Her husband, John, is a doctor and also her doctor which he takes very good care of. John has many cases out of town so isn’t really much around and comes home late. So the narrator also suffers from her marriage apart from the illness that she has. She describes the house a lot and soon she describes to us her bedroom walls, the bars in her window and especially the yellow wallpaper. She sees many things wrong with the wallpaper and she describes it as strange formless patterns. She also talks about how it changes light colors in the day and then at night is different. She becomes obsess on finding out whats behind that wallpaper and she wants no one around to take a look because she wants to figure it out herself. She finally comes the conclusion that she discovered that the pattern does move and that there is a woman that shakes it. She says that she feels sometimes that there are great many women behind and that there are sometimes that there is just one, that she crawls around fast. At the end she becomes very insane and tells John that she is finally out of the wallpaper and that in fact she was that woman trapped inside the paper and that he can’t put her back inside.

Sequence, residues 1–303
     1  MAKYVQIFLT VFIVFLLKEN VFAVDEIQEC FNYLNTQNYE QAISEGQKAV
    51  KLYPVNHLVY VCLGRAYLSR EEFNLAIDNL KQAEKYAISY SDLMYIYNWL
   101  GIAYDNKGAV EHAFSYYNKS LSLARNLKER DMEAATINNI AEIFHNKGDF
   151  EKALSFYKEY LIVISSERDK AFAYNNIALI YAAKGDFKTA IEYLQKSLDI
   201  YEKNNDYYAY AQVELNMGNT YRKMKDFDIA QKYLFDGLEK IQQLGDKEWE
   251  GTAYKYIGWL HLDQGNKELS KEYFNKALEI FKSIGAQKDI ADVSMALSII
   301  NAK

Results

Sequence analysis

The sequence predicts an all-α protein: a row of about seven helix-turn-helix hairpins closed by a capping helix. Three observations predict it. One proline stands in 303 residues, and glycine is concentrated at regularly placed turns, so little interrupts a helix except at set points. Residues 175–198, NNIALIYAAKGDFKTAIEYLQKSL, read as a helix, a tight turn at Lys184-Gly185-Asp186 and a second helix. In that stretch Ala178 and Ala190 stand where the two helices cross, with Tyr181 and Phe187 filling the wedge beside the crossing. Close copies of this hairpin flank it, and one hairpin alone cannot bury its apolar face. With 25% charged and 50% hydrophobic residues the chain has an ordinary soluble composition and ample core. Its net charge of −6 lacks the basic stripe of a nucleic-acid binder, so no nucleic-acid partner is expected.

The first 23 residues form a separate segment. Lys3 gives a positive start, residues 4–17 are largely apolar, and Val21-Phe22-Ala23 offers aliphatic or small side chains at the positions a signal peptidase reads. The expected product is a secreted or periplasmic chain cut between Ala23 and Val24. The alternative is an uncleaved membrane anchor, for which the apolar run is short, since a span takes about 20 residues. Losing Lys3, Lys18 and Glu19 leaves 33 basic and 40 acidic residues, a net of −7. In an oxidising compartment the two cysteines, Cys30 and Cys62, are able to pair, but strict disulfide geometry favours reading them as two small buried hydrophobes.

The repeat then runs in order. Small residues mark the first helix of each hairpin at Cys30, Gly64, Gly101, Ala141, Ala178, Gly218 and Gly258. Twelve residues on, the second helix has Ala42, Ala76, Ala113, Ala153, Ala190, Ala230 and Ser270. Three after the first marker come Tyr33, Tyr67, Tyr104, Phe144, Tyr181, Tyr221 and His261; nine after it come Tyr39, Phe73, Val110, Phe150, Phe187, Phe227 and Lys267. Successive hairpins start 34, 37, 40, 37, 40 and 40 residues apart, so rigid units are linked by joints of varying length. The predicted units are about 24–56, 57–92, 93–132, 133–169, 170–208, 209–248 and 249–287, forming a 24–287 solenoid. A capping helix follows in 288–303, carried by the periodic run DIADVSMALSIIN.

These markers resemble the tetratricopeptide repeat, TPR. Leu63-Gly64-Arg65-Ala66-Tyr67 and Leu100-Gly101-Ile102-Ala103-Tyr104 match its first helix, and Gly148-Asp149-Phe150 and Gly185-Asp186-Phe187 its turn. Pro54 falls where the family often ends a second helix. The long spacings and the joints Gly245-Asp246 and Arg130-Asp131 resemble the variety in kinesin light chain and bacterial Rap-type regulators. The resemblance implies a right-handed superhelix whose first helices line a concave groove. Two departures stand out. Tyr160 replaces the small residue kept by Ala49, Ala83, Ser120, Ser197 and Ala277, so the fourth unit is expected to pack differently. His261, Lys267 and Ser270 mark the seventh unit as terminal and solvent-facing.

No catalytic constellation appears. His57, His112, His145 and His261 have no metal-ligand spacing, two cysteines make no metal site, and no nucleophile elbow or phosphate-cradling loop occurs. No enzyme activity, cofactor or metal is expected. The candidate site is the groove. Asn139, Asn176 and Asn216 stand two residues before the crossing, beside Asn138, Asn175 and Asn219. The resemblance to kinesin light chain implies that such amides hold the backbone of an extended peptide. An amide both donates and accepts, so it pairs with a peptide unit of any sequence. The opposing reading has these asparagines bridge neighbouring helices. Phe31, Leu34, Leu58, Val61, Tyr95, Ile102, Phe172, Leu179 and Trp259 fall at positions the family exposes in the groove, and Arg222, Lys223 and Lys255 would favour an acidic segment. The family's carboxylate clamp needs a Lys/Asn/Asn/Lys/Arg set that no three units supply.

When I first read this short story I felt as if I was visiting a abandon old nursery home where illegal activities were being place since the setting of the old place had maze like gardens. Jon suggest that even her imaginative power with the nervousness would lead to fancies that only in certain conditions can be produced. I saw this around page 3 in which John was suggesting that her sickness was also a part of her this imaginative power.